Your Efforts to Save Money Are Probably Making You Overspend on the Holidays

Your Efforts to Save Money Are Probably Making You Overspend on the Holidays

Well this is a big bummer.

Our well-intentioned efforts to save money are apparently costing us more.

In 2016, nearly 40% of Americans went overboard with holiday shopping (same life). But what’s truly shocking is that shoppers who chased sales and clipped coupons were 45% and 22% more likely to overspend than those who didn’t, according to research from The Center for the New Middle Class.

Let the unfairness of that sink in, then put down those Black Friday circulars and step away from the sales rack.

But if you just can’t give up the rush of doorbuster deals, follow these tips to avoid overspending.

Make A Holiday Budget

And stick to it! The same study found that those who didn’t set a budget at all spent more than intended. Decide early on who you’re buying presents for and how much you want to spend for each. Look at your bank statements from last year to get an idea of how much you spent. If you ended up stretching your budget or going into debt, decrease your spending limit, trim your shopping list or consider alternative gifts like DIY creations or experiences you can put together. Then, funnel your reserves into a separate savings account to be used only for holiday expenses.

Don’t Buy Into Impulsive Deals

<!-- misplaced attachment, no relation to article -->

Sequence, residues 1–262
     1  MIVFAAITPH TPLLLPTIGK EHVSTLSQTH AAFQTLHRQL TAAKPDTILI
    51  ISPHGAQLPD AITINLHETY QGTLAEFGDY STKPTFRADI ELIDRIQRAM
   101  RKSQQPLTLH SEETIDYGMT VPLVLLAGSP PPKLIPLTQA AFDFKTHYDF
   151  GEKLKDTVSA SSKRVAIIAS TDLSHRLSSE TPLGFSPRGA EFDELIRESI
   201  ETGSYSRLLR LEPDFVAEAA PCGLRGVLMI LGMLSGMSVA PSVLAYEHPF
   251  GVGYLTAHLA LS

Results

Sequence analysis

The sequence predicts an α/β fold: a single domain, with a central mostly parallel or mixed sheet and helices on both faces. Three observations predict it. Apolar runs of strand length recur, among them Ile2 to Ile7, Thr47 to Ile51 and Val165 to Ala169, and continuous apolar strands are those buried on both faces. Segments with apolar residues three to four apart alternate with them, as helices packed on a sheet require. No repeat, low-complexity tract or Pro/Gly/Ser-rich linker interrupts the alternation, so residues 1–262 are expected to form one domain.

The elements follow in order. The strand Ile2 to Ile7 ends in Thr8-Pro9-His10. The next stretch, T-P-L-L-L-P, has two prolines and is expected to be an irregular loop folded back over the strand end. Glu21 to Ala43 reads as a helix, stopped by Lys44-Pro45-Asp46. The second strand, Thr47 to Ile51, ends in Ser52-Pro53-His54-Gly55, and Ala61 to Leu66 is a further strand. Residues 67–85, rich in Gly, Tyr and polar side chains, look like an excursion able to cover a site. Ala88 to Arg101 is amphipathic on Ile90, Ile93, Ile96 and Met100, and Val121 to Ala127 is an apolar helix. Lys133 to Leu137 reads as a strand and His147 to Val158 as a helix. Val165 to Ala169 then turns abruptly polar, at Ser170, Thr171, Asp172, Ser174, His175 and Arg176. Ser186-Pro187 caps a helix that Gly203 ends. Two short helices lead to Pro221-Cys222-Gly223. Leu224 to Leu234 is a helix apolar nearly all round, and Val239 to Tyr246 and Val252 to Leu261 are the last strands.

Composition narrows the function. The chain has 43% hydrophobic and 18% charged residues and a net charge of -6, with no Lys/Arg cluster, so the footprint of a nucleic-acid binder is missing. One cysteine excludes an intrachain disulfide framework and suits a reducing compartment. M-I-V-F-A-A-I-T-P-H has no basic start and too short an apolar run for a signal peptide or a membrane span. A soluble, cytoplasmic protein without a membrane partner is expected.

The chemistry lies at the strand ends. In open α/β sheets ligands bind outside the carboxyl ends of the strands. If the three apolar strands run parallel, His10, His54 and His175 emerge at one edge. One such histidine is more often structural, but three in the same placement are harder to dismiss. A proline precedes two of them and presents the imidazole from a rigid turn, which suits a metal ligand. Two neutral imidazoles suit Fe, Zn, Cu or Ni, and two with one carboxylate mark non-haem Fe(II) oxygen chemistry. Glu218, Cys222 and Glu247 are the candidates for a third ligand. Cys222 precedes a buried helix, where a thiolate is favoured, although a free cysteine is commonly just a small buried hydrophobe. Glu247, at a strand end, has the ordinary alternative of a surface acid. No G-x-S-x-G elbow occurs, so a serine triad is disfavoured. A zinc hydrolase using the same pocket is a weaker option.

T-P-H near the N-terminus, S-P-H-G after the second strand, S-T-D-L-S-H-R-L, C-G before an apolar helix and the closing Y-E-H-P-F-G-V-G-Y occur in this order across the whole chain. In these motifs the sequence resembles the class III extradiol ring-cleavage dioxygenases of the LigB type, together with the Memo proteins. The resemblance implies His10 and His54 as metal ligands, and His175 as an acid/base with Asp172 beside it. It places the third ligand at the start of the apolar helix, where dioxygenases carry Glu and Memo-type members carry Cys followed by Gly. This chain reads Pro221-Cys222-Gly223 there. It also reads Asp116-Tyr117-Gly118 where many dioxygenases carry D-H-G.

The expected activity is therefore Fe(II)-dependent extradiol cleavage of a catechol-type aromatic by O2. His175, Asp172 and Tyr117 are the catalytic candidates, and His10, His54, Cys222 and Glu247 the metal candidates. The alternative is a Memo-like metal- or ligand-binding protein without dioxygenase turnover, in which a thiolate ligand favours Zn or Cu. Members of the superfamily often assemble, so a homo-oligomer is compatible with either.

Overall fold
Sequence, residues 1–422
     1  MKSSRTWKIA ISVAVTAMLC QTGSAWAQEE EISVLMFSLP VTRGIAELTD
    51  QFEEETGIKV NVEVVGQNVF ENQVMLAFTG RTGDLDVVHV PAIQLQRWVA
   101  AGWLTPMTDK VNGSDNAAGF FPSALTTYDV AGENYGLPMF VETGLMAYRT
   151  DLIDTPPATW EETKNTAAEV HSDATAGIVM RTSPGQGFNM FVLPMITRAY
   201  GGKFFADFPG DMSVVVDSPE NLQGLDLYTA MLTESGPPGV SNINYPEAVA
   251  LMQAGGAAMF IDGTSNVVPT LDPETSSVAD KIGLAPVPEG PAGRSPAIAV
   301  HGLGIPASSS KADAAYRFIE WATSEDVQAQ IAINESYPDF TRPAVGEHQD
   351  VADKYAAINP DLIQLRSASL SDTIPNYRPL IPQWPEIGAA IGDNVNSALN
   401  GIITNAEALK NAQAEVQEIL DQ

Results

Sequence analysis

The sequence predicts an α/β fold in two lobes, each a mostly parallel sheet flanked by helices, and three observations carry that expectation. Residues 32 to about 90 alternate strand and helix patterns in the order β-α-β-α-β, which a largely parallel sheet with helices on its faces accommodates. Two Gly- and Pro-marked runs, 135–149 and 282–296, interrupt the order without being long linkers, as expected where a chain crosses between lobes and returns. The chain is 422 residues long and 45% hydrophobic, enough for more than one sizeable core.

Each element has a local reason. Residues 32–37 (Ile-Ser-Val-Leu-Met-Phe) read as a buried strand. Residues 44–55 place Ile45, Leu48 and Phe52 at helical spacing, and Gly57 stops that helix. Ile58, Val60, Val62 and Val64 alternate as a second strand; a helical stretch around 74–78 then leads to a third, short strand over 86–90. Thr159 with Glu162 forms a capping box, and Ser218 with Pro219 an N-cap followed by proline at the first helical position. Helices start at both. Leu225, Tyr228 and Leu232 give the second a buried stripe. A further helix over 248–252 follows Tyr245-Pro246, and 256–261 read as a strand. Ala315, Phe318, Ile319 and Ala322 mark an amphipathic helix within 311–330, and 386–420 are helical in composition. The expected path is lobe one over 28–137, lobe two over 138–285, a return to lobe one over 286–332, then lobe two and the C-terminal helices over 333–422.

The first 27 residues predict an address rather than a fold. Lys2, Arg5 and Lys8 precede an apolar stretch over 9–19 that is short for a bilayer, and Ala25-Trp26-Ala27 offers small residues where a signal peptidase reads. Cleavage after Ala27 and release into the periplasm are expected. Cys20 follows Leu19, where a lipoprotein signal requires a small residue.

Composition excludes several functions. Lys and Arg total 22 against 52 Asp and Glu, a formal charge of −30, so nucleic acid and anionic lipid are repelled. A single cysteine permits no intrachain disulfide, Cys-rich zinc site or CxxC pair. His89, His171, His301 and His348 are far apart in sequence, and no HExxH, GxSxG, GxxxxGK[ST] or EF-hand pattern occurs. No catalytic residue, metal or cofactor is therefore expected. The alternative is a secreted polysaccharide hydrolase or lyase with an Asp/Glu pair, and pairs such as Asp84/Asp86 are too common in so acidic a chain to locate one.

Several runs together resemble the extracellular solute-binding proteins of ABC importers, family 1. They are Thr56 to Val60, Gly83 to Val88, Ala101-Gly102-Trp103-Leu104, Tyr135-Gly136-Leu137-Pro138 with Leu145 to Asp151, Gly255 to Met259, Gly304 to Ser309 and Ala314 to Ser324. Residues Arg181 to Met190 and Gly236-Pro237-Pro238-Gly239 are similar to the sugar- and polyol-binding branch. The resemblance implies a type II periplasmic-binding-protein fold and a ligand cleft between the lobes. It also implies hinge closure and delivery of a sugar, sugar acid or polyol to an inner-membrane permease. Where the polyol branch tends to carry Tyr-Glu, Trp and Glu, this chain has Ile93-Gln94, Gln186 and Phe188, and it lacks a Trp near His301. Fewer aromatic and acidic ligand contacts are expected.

“Because it was on sale!!!” is an all-too-common excuse for buying something you didn’t need in the first place. If this sounds familiar … well, stop that, especially this time of year when markdowns are at every turn. Buy only what’s on your list and comparison shop for discounts instead of letting the sales guide your spending.

Redeem Those Rewards

Sitting on airline miles or cash-back points from your credit cards? Use them now to offset costs on everything from travel accommodations, transportation, gifts and food — especially since $16 billion worth of rewards go unredeemed every year.

Try Using Cash

To really make sure you stick to your holiday budget, consider going all-cash. After all, among shoppers with a credit score below 700, those who paid with credit or debt were 89% more likely to overspend than those who used cash.

Remember, It’s Not All About Gifts

Between cross-country travel, office party threads and end-of-year tipping, presents are far from the only thing you’ll spend on this season. One-third of survey respondents said their largest holiday expense was something other than gifts, so remember to account for everything in your holiday spending plan.

RELATED: Already Blown Your Holiday Budget? Quick Ways to Get Back on Track Fast

Learnvest

Financial planning made simple.

Get your free financial assessment.

Related Tags

Get the latest in your inbox.

Subscription failed!

You're Now Subscribed!